Player who has been playing for a total of forty seconds arrives at a city gate. She is immediately set upon and derided for her existence by three players in +270 Elite Coronets of No Social Life: “omfg who do u think u r nub playing gay dark elf now we kill u retard”. Alas, sympathetic reader, racism, homophobia, IQism, and experienceism win out even in the idyllic pixel-made world of the MMO.
Player engages second player in fair, consensual Player-versus-Player battle. Second player, upon ignominious defeat, sends private messages threatening the victor: “my dad is a developer ha whos laffin now u fob i have a limousine 2 go 2 school.” Ah, dear Princeton reader, there need be no explanation here, for we are all too familiar with the wise adage–absolute legacy corrupts absolutely.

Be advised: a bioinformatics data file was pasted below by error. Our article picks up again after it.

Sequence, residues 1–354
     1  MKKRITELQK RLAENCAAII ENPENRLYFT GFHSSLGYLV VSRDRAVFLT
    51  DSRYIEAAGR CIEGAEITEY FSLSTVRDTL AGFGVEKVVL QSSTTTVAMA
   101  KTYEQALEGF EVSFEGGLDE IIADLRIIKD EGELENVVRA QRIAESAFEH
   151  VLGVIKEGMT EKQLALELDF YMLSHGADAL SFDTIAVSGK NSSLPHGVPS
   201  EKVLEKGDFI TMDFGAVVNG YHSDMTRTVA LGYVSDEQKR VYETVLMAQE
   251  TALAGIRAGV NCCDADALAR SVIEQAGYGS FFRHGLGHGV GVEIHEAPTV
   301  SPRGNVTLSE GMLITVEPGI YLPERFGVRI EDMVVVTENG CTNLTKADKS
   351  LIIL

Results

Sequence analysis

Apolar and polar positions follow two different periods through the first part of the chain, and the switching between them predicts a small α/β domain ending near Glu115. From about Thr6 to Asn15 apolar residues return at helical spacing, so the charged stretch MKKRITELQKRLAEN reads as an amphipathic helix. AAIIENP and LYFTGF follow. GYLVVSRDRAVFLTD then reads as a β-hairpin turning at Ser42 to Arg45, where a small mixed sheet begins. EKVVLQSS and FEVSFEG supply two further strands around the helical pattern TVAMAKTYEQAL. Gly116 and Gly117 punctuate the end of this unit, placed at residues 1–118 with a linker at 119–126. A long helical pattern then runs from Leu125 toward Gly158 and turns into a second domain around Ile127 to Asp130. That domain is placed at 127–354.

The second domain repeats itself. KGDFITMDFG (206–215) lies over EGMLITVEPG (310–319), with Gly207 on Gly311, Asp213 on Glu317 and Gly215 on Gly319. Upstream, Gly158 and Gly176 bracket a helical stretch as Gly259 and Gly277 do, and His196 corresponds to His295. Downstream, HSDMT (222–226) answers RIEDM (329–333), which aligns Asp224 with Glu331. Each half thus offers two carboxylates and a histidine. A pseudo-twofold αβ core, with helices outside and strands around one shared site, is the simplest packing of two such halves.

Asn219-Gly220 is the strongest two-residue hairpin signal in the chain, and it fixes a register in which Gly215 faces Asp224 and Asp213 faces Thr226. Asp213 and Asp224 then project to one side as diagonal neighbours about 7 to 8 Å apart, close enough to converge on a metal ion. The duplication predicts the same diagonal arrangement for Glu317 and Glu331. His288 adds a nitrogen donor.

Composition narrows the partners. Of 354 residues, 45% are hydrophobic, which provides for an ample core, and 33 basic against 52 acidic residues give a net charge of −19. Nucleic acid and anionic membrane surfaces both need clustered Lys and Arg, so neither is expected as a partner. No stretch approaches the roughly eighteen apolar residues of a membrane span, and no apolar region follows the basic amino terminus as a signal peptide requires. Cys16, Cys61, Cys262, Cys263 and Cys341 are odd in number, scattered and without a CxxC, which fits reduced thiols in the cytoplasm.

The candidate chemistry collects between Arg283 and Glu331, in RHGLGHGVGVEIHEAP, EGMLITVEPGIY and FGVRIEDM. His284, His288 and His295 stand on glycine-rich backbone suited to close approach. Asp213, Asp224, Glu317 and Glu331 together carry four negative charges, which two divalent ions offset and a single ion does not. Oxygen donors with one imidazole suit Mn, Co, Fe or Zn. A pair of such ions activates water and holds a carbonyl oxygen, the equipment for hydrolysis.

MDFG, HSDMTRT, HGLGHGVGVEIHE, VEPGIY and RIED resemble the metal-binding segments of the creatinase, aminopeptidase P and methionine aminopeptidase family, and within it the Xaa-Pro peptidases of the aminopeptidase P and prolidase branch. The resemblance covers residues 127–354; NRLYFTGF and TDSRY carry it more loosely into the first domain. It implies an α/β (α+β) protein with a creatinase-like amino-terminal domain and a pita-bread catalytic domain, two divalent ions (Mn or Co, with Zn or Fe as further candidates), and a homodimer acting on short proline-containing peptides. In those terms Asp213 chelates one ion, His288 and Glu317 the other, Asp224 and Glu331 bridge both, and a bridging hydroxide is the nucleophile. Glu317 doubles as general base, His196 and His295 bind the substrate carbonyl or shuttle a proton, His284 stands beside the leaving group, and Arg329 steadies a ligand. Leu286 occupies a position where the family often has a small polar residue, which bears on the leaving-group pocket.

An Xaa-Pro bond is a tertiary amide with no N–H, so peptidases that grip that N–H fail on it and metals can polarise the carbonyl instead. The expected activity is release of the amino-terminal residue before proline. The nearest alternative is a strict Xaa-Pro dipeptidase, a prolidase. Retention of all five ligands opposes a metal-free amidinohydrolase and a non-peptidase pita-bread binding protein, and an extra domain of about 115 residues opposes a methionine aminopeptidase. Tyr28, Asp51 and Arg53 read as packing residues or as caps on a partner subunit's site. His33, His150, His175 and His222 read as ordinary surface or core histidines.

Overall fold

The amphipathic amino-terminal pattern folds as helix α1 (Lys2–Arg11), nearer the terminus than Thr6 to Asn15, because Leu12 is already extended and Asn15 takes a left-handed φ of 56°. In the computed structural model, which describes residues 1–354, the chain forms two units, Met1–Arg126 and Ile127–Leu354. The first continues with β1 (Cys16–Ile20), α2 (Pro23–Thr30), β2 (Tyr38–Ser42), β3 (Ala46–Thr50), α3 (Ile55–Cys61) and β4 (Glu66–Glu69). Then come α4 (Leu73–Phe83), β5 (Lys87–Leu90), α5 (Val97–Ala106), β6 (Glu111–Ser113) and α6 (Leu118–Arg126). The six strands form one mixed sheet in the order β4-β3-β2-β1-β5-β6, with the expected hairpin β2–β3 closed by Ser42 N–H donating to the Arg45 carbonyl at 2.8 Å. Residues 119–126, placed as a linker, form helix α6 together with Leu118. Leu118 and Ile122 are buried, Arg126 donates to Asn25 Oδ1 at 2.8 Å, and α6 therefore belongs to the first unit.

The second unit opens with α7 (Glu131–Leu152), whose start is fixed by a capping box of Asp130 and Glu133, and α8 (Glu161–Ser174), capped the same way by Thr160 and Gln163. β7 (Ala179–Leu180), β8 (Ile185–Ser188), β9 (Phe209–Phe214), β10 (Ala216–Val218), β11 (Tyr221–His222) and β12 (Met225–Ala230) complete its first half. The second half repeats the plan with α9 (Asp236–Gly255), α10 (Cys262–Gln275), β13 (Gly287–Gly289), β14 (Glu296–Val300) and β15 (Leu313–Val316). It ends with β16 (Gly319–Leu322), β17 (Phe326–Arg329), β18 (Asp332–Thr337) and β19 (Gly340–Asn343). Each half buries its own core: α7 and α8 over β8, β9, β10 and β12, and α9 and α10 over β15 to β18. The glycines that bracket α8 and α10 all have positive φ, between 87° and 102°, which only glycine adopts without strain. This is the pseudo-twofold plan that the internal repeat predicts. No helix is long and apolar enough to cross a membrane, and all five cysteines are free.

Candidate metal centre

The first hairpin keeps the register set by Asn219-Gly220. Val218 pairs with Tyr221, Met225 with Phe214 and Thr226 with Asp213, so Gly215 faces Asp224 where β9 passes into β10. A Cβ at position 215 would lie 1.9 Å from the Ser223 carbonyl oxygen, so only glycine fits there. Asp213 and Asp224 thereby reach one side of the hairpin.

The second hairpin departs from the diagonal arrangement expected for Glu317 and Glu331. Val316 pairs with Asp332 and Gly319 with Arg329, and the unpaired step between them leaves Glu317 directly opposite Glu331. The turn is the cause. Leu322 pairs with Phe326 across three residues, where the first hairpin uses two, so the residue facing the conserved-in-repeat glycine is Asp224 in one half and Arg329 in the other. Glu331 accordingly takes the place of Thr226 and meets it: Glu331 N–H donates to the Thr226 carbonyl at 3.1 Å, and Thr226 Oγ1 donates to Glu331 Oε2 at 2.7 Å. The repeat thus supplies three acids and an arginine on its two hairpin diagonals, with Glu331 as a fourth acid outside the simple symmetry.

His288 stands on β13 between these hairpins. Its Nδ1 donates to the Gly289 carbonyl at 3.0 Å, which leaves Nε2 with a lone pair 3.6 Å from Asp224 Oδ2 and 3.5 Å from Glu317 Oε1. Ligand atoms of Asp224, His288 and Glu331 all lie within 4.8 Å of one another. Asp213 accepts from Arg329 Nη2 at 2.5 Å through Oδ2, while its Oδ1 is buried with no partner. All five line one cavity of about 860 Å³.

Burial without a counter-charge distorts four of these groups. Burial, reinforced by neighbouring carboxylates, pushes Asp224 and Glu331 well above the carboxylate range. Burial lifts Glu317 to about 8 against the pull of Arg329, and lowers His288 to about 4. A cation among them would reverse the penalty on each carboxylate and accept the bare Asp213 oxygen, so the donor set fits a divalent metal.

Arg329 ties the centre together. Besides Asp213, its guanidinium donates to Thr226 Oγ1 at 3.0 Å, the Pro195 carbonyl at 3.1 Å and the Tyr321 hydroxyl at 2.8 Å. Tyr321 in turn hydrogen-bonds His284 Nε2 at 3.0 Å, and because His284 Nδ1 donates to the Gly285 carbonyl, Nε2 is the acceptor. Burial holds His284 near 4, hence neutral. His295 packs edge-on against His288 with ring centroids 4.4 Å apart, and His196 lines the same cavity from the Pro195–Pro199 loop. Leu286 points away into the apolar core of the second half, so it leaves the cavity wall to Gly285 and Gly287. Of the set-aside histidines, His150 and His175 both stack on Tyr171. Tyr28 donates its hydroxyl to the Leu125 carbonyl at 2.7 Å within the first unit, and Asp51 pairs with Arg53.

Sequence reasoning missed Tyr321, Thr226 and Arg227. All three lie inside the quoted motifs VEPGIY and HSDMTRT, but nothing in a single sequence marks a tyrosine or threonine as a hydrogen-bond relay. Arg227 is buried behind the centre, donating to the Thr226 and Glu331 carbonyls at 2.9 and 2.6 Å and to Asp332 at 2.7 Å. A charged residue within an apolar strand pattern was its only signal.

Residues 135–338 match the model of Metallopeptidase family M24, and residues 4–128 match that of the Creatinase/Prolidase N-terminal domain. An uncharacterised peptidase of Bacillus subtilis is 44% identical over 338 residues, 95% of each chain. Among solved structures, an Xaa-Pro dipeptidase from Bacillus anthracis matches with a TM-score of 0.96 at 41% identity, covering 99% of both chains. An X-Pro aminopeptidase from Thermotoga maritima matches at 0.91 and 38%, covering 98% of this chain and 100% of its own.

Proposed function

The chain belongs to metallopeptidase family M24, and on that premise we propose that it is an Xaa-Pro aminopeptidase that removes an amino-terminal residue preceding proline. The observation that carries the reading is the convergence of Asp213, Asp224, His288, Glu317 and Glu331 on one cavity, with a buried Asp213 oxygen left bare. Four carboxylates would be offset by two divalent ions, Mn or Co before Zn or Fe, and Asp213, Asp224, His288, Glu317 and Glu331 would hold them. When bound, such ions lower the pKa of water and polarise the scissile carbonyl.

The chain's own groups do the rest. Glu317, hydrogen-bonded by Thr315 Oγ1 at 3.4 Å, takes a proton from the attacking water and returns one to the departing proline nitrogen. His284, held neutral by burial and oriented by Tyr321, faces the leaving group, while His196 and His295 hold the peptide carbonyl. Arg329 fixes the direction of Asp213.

Let not these negative images of MMOs stop you, inquisitive reader, from trying your first! The bad and ugly cannot overwhelm (entirely) the good of in-game society. Apart from generous help from strangers (all the more distant for the anonymity of their pixelated faces), players benefit from close associations and clubs, or “guilds” (see Linguistics section). While such clanning does promote much ill feeling in the form of rival guilds fighting for resources and territory, they also allow players to become acquainted with new friends. And if you, cynical reader, doubt the genuine goodwill between guildies because of their purely internet-based relationship, I suggest you be a bit more careful of whom you choose to “friend” on the Facebook. Might also want to be careful of that “alohagirl567” on your Buddy List. Cybering with someone from Craigslist just isn’t quite the same as cybering with one’s in-game spouse. In all fairness, at least in the latter situation you can ask them for alimony in gold. That is, unless they are a horrid Dark Elf. Those uncouth creatures are only fit for extermination.